Thursday, February 02, 2023

Government Retirement Traps Lurking for Seniors

Beware if you are retired! The Federal government is stealthily working to tax away the money one has saved for retirement.   And no elected official is working to protect seniors from this government ploy.

I retired early at 49.    I didn't become aware of many of the Retirement Traps until I started using some the retirement benefits at 64.    Yes, the federal government provides benefits to senior retirees.  However, the federal government also stealthily reduces the benefits or increases the cost.

Here are a few government retirement trap examples:
  • Tax on Social Security Benefits.   Up to 85% of social security payments can be taxed above certain total income.   The threshhold income  number hasn't been adjusted for inflation since it was implemented in the 1980s.   First, the Federal government doesn't acknowledge that 100% of FICA payments made by an individual has already been taxed.  Thus, the Federal government is taxing the same income twice.  Seems this should have been corrected many years ago, but the Federal government allows this rip off of seniors to continue.
  • IRMMA (income-related monthly adjustment amount).   This is the additional payment one is required to make for Medicare part B premiums based on income.   My response is, "Since when are any insurance premium payments based on one's income?"    Do I pay homeowner/renter insurance based on income?  Do I pay car insurance based on income?   No I pay based on benefits and risk assessment.   Thus, to me, and IRMMA is another stealth tax on Retired Seniors.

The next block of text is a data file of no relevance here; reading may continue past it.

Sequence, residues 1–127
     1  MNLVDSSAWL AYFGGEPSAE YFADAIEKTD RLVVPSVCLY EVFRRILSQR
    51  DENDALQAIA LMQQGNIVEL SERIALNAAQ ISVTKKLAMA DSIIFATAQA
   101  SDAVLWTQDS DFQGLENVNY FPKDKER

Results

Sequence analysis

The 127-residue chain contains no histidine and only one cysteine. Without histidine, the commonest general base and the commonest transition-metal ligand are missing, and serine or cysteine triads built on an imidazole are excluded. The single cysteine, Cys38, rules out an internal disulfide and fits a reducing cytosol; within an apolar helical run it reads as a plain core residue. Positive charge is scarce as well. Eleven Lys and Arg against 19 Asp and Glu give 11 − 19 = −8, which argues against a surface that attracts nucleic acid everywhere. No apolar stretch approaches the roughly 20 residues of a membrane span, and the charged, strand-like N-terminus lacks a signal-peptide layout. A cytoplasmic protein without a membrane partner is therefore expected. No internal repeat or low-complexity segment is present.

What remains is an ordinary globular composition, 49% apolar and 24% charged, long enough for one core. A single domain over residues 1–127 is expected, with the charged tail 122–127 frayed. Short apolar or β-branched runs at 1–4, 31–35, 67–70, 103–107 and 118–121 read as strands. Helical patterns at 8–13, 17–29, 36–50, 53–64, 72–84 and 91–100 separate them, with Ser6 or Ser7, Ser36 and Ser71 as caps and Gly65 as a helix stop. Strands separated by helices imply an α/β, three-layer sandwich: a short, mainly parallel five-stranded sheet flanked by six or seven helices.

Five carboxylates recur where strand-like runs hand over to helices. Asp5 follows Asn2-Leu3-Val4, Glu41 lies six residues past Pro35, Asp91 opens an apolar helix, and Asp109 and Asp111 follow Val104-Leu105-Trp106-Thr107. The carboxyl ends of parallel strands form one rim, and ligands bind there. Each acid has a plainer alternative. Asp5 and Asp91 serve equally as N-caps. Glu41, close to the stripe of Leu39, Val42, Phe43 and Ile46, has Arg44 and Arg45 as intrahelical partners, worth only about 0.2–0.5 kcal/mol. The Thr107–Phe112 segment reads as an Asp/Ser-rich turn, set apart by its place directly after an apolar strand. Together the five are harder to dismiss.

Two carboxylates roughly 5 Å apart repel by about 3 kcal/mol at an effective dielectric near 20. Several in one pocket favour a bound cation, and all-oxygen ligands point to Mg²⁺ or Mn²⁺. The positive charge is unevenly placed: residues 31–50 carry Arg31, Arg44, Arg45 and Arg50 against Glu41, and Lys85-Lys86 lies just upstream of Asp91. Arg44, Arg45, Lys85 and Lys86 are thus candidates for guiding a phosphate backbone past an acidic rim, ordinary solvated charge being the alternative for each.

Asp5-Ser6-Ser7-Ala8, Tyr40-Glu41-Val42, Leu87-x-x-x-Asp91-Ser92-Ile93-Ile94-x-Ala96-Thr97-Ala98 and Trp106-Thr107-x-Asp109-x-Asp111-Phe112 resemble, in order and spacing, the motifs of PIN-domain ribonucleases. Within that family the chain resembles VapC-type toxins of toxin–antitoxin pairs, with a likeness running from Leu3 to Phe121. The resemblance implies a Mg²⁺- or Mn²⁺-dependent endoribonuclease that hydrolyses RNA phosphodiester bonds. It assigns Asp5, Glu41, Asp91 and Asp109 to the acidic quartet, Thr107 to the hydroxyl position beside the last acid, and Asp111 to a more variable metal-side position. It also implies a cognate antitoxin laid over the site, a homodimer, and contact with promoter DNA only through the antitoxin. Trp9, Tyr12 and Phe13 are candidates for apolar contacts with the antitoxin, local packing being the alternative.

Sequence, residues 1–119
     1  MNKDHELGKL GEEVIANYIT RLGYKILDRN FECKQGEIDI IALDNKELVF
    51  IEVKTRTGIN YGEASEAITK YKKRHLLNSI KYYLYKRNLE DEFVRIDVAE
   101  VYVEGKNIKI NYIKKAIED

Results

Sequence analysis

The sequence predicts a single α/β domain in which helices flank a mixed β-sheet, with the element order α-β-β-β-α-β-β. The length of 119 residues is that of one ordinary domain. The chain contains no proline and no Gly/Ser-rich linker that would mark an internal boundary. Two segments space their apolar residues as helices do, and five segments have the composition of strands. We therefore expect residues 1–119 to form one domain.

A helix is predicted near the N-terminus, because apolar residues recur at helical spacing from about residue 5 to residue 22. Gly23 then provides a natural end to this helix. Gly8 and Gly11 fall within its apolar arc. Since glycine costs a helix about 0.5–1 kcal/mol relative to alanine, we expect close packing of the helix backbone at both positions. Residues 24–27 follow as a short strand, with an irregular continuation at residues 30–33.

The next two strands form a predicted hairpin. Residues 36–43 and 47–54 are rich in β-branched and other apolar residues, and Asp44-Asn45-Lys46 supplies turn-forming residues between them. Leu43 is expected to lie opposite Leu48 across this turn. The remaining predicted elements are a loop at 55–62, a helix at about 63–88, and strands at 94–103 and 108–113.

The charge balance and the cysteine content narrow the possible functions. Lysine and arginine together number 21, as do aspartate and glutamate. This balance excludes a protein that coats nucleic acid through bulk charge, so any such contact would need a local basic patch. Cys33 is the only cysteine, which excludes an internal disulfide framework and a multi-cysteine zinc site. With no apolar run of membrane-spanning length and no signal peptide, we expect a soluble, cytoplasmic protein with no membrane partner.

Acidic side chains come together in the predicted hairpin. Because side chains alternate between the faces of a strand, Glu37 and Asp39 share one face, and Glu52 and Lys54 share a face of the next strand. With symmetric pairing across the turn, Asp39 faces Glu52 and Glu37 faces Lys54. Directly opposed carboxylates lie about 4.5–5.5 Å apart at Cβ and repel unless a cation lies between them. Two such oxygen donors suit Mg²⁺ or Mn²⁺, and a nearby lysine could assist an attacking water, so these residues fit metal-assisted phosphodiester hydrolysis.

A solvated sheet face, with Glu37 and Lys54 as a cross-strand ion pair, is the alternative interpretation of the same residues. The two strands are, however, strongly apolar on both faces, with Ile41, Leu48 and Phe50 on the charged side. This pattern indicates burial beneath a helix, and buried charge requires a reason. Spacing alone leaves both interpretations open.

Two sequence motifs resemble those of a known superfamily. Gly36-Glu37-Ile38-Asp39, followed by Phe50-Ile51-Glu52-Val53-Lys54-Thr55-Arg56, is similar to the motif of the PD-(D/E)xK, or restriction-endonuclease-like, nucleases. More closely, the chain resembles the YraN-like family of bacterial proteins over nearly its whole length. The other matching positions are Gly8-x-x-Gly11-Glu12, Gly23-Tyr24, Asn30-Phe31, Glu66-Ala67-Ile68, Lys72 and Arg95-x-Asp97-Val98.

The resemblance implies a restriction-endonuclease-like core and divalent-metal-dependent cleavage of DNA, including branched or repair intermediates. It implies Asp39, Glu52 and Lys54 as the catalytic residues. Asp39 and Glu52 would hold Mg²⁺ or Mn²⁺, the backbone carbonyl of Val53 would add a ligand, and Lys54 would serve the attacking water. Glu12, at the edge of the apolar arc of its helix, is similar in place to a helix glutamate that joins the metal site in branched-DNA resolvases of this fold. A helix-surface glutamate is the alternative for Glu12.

• RMDs (Required Minimum Distributions from Retirement Accounts).   OK, Federal government expects individuals to save for retirement.  After the individual saves, the Federal government tells them they must withdraw a certain amount a year and pay taxes.   Yeah, the Federal government is so good at managing budgets, they should be allowed to tell all citizens how to manage their retirement accounts. 🤣
  • New Non Spousal Inherited IRA rules.  Inherited IRAs used to have RMDs based the beneficiary's lifetime, which made sense to me.  Now,  most inherited IRA RMDs are based on the decedent's and must be withdrawn within 10 years.  How does that help the beneficiary for retirement.  It doesn't.   In fact, if the inherited IRA is large, the beneficiary will likely be put in a much higher tax bracket during that 10 years.   Who benefits, the Federal government for taxing beneficiaries earlier and at higher tax brackets.
I'm a big fan of maximizing income AND minimizing taxes (both Federal and local).   I do not consider the Federal government my friend when it comes to maximizing my benefits and reducing taxes paid.   More about how I will manage these traps in future posts.

For more on Crossing Generations check back every Thursday for a new segment.

This is not financial nor tax advice. Please consult a professional advisor.

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